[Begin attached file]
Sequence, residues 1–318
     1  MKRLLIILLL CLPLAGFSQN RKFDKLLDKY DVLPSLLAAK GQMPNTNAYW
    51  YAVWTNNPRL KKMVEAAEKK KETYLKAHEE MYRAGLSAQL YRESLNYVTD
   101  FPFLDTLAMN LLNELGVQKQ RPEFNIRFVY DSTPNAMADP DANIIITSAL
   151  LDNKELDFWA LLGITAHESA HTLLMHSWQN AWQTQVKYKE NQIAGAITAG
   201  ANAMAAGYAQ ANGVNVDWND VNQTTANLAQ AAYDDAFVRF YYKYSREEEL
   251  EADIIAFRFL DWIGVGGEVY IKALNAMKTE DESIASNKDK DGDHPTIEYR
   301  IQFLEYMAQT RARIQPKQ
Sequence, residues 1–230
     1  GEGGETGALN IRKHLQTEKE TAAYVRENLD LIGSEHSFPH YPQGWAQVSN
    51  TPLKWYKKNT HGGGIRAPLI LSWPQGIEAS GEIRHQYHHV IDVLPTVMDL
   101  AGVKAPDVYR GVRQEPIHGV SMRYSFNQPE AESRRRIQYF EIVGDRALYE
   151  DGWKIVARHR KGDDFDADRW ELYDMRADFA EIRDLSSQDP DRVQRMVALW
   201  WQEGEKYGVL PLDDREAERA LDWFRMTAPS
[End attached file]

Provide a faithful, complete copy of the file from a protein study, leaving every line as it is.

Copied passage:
Sequence, residues 1–318
     1  MKRLLIILLL CLPLAGFSQN RKFDKLLDKY DVLPSLLAAK GQMPNTNAYW
    51  YAVWTNNPRL KKMVEAAEKK KETYLKAHEE MYRAGLSAQL YRESLNYVTD
   101  FPFLDTLAMN LLNELGVQKQ RPEFNIRFVY DSTPNAMADP DANIIITSAL
   151  LDNKELDFWA LLGITAHESA HTLLMHSWQN AWQTQVKYKE NQIAGAITAG
   201  ANAMAAGYAQ ANGVNVDWND VNQTTANLAQ AAYDDAFVRF YYKYSREEEL
   251  EADIIAFRFL DWIGVGGEVY IKALNAMKTE DESIASNKDK DGDHPTIEYR
   301  IQFLEYMAQT RARIQPKQ
Sequence, residues 1–230
     1  GEGGETGALN IRKHLQTEKE TAAYVRENLD LIGSEHSFPH YPQGWAQVSN
    51  TPLKWYKKNT HGGGIRAPLI LSWPQGIEAS GEIRHQYHHV IDVLPTVMDL
   101  AGVKAPDVYR GVRQEPIHGV SMRYSFNQPE AESRRRIQYF EIVGDRALYE
   151  DGWKIVARHR KGDDFDADRW ELYDMRADFA EIRDLSSQDP DRVQRMVALW
   201  WQEGEKYGVL PLDDREAERA LDWFRMTAPS